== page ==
Shubbak: London’s Summer of Arabic Arts

Arabic calligraphy art by Noureddine Daifallah

Artwork by Noureddine Daifallah

London has a sizeable Arabic population, and a few areas of high density (the area around Edgware Road is the best known, with a long established Arabic community). So it’s surprising to find out that the Shubbak festival this month is London’s first ever Arabic arts festival.

The festival of contemporary Arabic arts will take place in 30 different venues across the city, and encompass literature, film, visual art, music, performance and discussions – and promises to be a fascinating window onto Arabic culture for all Londoners, Arabs and non-Arabs alike.

As London-based journalist Nahla Al-Ageli puts it:

London has for many years been fully engaged with the deeper exchange of cultural, artistic and sometimes even political understanding between the Arab world and Britain… [Shubbak] is an opportunity not just for the Middle Eastern curious, but for resident Arabs keen to learn more about their own region and share in its accomplishments.

At WorldAccent, the manager of our typesetting studio told me that he was interested in seeing Khatt, an exhibition of contemporary Arabic calligraphy by Moroccan Noureddine Daifallah, and a double-bill of modern Arabic dance at the Lilian Baylis Theatre. “I’m interested in calligraphy and choreography,” he explained, “so those were the events I homed in on.”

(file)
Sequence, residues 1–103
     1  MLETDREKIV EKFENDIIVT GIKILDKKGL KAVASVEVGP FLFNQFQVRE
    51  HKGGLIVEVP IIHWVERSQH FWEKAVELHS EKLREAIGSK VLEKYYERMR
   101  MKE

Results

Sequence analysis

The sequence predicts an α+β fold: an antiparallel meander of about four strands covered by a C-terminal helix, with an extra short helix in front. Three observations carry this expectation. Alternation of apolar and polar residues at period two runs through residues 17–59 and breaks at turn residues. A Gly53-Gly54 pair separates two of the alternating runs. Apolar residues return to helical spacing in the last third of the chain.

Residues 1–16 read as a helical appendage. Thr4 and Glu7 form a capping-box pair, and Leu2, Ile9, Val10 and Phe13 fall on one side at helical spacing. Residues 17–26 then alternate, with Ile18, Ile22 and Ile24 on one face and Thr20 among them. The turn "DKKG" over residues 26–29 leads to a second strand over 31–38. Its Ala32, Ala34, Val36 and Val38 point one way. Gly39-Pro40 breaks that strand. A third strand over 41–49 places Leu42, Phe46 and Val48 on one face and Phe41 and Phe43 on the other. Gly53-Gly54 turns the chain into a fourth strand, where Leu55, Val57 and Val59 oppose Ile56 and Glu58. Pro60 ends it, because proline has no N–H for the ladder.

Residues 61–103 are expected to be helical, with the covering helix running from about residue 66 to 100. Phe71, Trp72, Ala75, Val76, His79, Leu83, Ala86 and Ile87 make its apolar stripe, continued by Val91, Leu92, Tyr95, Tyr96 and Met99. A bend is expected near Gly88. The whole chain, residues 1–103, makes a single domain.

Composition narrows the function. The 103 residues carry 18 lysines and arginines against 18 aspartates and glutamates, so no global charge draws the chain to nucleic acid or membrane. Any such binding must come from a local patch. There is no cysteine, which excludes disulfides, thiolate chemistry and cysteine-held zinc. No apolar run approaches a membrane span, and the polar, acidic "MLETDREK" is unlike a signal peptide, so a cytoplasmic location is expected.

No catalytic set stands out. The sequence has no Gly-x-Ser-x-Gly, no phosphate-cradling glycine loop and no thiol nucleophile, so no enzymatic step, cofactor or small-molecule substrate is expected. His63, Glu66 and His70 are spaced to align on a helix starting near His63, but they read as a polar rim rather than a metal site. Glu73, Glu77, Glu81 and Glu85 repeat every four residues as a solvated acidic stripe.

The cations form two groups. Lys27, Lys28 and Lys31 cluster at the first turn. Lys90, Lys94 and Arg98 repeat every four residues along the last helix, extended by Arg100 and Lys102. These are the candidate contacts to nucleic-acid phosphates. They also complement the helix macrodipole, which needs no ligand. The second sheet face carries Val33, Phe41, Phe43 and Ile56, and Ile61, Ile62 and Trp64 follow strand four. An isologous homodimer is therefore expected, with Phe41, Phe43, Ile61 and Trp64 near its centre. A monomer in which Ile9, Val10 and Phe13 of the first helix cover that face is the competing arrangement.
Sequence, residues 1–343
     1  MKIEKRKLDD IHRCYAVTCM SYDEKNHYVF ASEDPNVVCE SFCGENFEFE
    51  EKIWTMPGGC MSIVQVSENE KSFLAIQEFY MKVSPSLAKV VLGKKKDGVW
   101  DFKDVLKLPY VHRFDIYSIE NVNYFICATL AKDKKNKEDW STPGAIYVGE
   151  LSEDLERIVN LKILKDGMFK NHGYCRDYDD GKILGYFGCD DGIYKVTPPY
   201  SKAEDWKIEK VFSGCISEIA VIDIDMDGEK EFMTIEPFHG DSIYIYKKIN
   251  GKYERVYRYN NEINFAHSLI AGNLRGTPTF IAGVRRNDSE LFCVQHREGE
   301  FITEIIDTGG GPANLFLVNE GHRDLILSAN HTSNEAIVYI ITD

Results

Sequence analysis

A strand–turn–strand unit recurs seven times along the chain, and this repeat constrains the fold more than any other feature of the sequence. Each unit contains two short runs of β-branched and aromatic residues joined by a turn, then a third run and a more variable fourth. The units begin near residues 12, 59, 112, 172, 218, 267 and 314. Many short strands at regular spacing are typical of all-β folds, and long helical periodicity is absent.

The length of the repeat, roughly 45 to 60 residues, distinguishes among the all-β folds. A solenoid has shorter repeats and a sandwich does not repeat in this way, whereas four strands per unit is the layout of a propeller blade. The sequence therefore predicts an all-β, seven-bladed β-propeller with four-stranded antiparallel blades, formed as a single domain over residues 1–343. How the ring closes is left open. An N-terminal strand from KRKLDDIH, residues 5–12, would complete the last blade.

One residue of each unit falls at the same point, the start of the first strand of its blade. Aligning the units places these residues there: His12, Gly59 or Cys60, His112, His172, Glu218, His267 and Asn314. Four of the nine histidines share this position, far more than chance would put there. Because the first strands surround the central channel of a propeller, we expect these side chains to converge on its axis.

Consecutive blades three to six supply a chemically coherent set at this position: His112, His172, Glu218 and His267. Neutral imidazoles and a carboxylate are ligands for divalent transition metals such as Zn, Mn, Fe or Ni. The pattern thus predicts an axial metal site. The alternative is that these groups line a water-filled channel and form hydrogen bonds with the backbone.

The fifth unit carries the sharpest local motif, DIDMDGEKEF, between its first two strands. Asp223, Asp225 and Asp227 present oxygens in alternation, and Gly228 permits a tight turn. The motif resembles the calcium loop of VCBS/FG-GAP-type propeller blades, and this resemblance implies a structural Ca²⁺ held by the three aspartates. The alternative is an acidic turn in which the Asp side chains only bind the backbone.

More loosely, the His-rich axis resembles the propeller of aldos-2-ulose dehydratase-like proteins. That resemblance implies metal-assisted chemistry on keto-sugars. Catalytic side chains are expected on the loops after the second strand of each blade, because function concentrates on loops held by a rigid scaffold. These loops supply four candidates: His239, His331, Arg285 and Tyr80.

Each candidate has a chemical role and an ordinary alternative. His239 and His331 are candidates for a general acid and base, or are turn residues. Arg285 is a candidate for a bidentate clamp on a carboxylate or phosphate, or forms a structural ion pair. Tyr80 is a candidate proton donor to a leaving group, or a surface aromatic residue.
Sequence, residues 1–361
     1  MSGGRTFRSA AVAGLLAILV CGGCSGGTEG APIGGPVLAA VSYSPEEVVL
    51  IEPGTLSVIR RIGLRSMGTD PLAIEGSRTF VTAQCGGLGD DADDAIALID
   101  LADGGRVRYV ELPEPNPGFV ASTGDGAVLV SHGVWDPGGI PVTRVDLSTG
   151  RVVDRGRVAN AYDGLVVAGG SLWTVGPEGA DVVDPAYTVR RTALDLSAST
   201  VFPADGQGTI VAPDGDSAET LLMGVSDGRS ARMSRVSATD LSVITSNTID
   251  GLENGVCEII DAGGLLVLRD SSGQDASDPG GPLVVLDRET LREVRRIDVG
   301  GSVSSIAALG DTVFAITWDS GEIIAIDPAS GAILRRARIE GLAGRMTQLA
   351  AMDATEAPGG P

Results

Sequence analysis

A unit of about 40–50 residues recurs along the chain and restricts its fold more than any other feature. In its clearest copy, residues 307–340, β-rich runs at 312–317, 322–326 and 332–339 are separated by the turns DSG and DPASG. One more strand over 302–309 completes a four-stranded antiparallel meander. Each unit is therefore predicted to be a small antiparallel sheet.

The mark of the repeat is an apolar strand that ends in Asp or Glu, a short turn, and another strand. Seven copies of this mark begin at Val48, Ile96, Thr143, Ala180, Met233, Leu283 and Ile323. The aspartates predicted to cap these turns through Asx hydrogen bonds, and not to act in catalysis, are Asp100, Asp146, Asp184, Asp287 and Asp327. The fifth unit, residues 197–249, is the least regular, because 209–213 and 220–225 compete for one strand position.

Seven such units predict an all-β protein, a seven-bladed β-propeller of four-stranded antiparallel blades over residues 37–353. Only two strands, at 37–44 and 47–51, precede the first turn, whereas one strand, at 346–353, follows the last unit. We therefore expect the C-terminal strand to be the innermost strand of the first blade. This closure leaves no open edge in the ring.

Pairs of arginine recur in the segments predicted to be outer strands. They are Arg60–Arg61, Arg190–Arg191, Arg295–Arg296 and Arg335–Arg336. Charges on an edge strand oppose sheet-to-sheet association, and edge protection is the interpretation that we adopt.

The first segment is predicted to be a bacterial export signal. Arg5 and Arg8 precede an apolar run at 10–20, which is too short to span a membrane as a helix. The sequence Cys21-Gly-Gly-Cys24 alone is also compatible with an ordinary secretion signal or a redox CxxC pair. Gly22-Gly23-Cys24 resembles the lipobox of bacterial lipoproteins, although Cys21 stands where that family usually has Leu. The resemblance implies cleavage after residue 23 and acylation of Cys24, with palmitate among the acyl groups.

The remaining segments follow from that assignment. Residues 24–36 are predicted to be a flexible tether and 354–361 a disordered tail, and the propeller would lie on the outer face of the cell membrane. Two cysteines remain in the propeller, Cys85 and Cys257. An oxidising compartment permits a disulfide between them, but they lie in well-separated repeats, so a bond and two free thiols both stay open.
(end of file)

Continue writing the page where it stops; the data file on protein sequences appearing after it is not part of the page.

Calligraphy and choreography? At first I thought: that’s an unusual combination. But then he went on to explain: the cursive, fluid letterforms of Arabic calligraphy seem almost to be in motion – they make you think of rhythm, stress and flow. For him, Arabic calligraphy seems to have the spirit of dance within it.

Flow and continuity seem inherent in Arabic script – and of course, that has made the development of Arabic typesetting systems much more difficult that for scripts based on separate letterforms. But these qualities are integral to the beauty of the script.

Shubbak: A Window on Contemporary Arab Culture takes place at various locations across London from 4 July until 24 July 2011. TimeOut London have produced a handy guide to the festival [PDF]

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